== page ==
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  • Camille Basso

An underwater Nabataean temple discovered in the Bay of Naples

Updated: Sep 22, 2023

The Campania region, in the Pozzuoli Gulf, has just revealed one of its many treasures. Two marble altars from a Nabataean temple have been discovered in the Bay, dating back to the first half of the first century AD.

A scuba diver discovers a Nabataean altar underwater, in the Bay of Naples
A Nabataean temple discovered in the Bay of Naples (Source : Italien Ministry of Culture)

"The two marble altars [...] are inserted in the great Nabataean temple, now submerged," explained the Italian Minister of Culture, Gennaro Sangiuliano. "This is an incredible result and the outcome of a peripheral collaboration between the Ministry of Culture, the academic and scientific organisations of the region and the Carabinieri of Naples. Ancient Pozzuoli reveals other treasures, whose exact location was unknown until now, which testify to the richness and extent of its cultural, commercial and religious exchanges with the ancient Mediterranean basin."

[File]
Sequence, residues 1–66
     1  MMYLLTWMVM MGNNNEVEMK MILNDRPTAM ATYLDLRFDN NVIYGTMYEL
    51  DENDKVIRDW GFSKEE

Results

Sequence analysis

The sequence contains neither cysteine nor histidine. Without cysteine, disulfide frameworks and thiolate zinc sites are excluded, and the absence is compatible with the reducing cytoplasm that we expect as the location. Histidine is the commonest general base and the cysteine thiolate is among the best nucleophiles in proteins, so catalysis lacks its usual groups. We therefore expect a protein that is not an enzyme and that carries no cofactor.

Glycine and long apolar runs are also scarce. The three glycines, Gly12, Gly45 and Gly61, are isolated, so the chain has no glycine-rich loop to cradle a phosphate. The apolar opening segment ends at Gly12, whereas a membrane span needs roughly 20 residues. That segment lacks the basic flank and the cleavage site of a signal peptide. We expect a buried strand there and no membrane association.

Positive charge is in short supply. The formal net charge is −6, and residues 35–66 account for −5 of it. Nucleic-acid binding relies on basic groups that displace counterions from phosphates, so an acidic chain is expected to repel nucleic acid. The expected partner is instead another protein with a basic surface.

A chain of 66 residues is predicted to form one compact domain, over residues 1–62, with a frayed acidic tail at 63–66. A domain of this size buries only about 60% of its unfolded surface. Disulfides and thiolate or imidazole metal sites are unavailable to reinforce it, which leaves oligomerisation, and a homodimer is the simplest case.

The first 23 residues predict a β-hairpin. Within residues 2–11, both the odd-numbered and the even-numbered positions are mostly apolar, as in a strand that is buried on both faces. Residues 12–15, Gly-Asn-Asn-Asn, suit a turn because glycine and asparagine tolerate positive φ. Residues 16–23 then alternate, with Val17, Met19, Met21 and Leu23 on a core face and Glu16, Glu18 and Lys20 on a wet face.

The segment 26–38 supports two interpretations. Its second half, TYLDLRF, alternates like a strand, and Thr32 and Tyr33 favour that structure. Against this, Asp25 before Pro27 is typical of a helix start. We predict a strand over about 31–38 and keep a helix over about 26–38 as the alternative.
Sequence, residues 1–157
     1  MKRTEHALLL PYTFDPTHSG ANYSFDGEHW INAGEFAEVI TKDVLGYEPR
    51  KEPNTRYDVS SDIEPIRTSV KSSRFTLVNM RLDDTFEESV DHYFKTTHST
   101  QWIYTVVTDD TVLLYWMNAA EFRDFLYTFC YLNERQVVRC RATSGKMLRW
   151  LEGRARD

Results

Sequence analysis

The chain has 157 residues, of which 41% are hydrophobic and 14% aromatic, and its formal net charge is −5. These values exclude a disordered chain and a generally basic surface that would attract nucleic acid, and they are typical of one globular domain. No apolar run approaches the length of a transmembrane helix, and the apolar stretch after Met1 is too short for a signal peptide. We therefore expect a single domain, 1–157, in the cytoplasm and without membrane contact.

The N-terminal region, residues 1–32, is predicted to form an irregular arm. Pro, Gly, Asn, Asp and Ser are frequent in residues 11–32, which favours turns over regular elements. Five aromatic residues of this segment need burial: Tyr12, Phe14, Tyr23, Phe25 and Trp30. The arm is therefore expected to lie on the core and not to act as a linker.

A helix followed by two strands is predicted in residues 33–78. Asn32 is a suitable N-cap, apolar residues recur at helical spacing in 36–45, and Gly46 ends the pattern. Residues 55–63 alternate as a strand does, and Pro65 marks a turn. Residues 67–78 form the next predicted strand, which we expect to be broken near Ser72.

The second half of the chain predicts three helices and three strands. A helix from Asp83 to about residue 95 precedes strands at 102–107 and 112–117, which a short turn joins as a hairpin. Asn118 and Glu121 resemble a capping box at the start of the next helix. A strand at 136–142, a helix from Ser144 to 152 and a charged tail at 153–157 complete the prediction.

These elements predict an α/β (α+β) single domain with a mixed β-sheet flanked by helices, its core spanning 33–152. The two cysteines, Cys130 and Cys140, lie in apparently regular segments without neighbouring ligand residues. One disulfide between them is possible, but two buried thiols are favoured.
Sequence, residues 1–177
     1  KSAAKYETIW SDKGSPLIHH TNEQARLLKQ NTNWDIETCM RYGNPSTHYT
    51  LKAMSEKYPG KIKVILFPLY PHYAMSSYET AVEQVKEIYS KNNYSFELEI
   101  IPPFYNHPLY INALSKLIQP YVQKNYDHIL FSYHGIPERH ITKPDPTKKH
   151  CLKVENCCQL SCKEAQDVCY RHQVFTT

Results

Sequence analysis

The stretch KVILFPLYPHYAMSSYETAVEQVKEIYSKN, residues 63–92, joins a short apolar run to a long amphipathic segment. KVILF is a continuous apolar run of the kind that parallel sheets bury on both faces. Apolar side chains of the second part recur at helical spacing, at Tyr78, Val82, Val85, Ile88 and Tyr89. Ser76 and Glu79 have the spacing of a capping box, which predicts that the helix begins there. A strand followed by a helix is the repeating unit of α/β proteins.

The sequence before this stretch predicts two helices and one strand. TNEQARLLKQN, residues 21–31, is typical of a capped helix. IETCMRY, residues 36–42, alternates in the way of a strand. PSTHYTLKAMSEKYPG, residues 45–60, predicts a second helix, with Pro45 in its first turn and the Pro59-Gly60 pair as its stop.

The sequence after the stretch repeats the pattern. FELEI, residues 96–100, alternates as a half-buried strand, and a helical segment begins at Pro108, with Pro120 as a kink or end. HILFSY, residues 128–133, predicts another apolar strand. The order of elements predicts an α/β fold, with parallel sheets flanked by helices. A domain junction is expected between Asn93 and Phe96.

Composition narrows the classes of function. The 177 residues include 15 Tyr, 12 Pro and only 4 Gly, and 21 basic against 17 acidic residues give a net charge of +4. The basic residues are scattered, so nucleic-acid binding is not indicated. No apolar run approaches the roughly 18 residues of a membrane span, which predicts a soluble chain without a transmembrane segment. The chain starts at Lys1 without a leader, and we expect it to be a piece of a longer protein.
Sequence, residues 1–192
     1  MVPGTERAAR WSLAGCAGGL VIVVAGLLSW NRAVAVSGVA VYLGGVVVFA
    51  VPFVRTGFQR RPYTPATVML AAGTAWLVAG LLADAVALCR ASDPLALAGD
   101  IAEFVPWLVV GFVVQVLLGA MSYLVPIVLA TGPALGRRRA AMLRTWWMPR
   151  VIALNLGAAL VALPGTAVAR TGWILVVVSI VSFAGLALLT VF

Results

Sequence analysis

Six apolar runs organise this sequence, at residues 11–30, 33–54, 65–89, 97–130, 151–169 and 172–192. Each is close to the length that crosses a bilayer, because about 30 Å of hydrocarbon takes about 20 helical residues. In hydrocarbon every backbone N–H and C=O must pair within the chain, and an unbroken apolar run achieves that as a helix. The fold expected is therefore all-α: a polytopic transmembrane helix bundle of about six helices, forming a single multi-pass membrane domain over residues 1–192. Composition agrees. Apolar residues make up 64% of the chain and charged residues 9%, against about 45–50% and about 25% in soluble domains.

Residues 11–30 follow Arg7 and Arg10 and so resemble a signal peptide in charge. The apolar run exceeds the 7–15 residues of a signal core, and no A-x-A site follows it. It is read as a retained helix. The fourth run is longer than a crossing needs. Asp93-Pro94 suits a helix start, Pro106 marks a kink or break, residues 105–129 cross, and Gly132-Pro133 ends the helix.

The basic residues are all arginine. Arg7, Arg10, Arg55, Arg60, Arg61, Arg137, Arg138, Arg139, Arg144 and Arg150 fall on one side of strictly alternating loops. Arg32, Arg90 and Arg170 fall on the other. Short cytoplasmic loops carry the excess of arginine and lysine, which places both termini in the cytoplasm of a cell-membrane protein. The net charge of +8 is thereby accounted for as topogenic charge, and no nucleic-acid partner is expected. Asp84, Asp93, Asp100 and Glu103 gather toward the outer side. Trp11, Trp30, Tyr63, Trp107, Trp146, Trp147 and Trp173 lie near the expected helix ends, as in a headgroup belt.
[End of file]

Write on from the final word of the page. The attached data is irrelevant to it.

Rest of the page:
"This discovery sheds light on the port of Pozzuoli," the minister added, "and reveals that the Nabataean sacred places were located near warehouses and commercial buildings, which contained goods destined to be shipped to the rest of Campania or to Rome." Since the 18th century, only five Nabataean altars have been found in the region. The first three are on display in the National and Archaeological Museum of Naples and in the Archaeological Park of Campi Flegrei. They are two altar bases and a slab. These two new altars will be examined by researchers in order to be precisely dated and identified.

The Nabataeans were an ancient Arab trading people whose origins date back to the 1st millennium BC and whose culture eventually dissolved in 106 AD, following their annexation to the Roman Empire by Emperor Trajan. For almost a millennium, the Nabataeans lived in southern Canaan and Jordan and in northern Arabia. Having a certain commercial monopoly in the region, they mainly sold goods to Syria, the Roman Empire and countries east of the Euphrates. Their goods usually came from southern Arabia, where many trade routes passed through.


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